In this reading, a “black James Bond,” which many saw in Washington’s character, is essentially an oxymoron. A white James Bond can be a hero, but when a black James Bond saves the world, he is subordinating himself to the white-dominated racial hierarchy, sacrificing himself to protect his oppressors. Here, Russell takes a view closer to Audre Lorde’s: “The master’s tools will never dismantle the master’s house.” However, Nolan’s view on incorporating black citizens into Western democracies is decidedly more optimistic, more a fulfillment of Martin Luther King Jr.’s vision.

To back up a bit, Tenet is confusing and complex, the kind of movie that almost requires a post-hoc explainer YouTube video. On the simplest level, John David Washington’s character, in the future, is running a world-saving time travel intelligence operation. Because of the time travel mechanic, as his present self moves through time, he begins to understand all the layers and plans his future self created. He goes from feeling lost and manipulated to realizing that he is actually “the Protagonist,” the one who planned the whole operation in the future.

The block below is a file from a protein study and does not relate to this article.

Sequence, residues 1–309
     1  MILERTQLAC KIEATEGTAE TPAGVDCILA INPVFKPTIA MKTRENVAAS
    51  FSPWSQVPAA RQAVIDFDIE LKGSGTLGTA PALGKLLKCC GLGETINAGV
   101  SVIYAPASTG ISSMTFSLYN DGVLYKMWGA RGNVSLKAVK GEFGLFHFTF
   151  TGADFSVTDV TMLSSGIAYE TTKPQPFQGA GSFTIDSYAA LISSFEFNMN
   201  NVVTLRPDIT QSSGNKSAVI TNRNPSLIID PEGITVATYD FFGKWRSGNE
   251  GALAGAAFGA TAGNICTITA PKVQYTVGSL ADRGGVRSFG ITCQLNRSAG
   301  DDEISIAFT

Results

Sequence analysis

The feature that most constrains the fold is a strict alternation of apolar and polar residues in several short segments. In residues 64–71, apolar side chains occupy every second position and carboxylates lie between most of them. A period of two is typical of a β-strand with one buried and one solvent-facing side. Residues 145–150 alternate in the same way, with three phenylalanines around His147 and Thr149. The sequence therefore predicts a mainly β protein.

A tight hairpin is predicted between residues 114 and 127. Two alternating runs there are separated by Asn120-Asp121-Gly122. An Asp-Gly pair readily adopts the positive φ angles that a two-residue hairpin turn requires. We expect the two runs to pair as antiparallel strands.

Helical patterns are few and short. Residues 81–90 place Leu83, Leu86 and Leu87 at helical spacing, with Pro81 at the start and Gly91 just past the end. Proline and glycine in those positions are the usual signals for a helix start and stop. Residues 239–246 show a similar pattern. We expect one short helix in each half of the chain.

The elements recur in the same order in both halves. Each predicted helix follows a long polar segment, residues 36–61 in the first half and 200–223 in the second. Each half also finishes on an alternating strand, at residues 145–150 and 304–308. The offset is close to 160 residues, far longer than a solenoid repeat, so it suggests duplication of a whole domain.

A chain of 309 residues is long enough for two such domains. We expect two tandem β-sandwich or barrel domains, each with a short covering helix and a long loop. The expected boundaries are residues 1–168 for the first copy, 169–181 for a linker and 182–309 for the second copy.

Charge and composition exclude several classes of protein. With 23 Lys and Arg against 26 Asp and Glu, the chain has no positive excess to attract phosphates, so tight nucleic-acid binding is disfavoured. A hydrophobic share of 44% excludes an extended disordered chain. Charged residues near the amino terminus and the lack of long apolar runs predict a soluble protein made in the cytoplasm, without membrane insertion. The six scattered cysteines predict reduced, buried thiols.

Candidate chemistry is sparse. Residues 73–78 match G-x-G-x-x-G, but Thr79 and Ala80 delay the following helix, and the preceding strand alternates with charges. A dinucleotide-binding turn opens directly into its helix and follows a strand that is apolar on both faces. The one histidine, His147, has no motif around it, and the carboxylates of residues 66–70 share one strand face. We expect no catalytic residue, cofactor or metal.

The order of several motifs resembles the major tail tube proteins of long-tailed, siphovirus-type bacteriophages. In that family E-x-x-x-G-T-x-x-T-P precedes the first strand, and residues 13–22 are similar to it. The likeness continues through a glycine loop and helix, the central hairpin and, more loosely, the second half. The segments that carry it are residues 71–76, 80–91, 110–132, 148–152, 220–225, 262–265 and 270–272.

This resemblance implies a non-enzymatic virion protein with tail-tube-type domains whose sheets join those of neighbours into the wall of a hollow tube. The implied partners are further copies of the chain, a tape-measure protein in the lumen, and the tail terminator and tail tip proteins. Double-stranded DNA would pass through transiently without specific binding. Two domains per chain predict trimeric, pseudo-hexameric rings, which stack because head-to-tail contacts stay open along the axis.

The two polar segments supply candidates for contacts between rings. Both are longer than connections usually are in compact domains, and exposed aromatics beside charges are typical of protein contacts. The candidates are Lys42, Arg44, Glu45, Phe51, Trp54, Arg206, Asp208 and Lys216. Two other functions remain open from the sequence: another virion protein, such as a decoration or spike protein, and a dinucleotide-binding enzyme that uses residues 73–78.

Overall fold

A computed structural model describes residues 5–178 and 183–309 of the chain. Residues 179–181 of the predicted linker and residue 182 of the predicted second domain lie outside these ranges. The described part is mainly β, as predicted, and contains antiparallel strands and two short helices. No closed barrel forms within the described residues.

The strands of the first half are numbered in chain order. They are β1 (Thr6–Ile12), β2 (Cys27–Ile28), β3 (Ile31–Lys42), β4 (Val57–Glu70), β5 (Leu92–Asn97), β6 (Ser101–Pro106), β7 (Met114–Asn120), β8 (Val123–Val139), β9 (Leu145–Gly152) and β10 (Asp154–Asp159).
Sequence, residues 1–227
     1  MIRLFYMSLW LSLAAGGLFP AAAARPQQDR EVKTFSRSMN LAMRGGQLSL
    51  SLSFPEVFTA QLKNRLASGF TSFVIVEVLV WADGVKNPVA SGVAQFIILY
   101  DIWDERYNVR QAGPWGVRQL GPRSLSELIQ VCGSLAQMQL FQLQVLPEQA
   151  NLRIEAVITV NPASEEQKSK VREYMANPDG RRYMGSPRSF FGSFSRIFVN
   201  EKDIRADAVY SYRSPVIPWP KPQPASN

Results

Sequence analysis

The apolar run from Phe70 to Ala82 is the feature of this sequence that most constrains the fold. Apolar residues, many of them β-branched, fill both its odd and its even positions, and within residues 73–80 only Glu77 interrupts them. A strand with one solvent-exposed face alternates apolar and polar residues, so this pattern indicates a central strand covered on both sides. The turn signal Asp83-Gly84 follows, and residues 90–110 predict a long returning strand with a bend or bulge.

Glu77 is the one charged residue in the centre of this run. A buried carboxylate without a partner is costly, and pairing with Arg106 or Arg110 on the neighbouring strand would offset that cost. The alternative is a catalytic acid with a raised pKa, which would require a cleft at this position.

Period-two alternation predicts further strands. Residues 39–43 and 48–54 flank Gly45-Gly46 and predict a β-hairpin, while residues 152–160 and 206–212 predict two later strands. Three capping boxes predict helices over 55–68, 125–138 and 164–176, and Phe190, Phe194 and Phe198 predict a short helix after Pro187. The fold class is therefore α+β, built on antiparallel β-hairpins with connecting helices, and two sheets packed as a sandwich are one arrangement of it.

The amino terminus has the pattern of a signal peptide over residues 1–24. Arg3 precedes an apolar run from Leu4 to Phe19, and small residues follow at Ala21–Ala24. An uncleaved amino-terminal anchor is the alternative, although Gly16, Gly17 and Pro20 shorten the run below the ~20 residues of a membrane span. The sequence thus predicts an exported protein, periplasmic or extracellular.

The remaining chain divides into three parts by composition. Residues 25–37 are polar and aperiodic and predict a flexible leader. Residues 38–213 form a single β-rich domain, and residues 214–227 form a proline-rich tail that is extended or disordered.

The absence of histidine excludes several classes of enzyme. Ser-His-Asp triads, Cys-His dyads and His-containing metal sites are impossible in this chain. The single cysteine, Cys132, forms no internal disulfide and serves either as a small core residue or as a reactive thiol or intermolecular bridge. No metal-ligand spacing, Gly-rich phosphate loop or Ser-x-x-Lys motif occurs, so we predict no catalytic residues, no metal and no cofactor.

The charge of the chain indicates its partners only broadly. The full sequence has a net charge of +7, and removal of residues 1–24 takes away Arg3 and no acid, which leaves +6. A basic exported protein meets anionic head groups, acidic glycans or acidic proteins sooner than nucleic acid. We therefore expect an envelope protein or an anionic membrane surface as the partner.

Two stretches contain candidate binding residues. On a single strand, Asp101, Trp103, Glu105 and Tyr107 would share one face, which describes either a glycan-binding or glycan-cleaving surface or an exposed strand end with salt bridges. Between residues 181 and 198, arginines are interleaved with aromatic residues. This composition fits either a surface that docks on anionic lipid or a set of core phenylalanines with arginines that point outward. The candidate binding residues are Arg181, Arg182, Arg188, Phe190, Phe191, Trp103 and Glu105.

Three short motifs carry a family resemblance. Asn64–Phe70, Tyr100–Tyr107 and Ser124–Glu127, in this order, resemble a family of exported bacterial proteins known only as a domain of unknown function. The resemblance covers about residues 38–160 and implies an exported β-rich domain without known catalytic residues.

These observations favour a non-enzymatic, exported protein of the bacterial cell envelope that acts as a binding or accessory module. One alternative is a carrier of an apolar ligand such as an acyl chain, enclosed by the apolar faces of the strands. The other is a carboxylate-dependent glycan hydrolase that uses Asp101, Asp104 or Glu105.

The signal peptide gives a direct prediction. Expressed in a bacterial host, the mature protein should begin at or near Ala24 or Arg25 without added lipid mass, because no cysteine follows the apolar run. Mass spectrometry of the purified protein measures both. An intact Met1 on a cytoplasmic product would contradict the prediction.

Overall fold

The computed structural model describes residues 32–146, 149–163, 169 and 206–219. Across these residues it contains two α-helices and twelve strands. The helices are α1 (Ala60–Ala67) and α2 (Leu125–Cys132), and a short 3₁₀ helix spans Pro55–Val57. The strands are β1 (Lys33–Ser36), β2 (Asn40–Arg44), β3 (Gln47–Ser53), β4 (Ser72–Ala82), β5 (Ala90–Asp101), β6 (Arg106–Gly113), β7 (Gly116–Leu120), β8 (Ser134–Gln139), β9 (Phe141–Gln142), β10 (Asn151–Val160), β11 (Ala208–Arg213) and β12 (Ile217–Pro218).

The crux of the film is this tension between who the main characters are and who they will become. At the start of the film, Kat (Elizabeth Debicki) sees a woman gracefully dive into the water with a freedom she envies, but that turns out to be a future version of herself. Neil (Robert Pattinson) struggles to follow a path he knows will bring pain and likely his own death but will save the world in the process.

For Russell to say “Neil has the upper hand in this Black and white ‘buddy drama’” undervalues the impact of the time travel. “The Protagonist” may well have Neil explaining things to him for much of the film, and this may make him seem ignorant or weak, but this is an illusion. We learn at the climax that Neil was recruited by and works for “The Protagonist,” meaning “The Protagonist” has a bright future beckoning, despite the injustice and confusion of his present.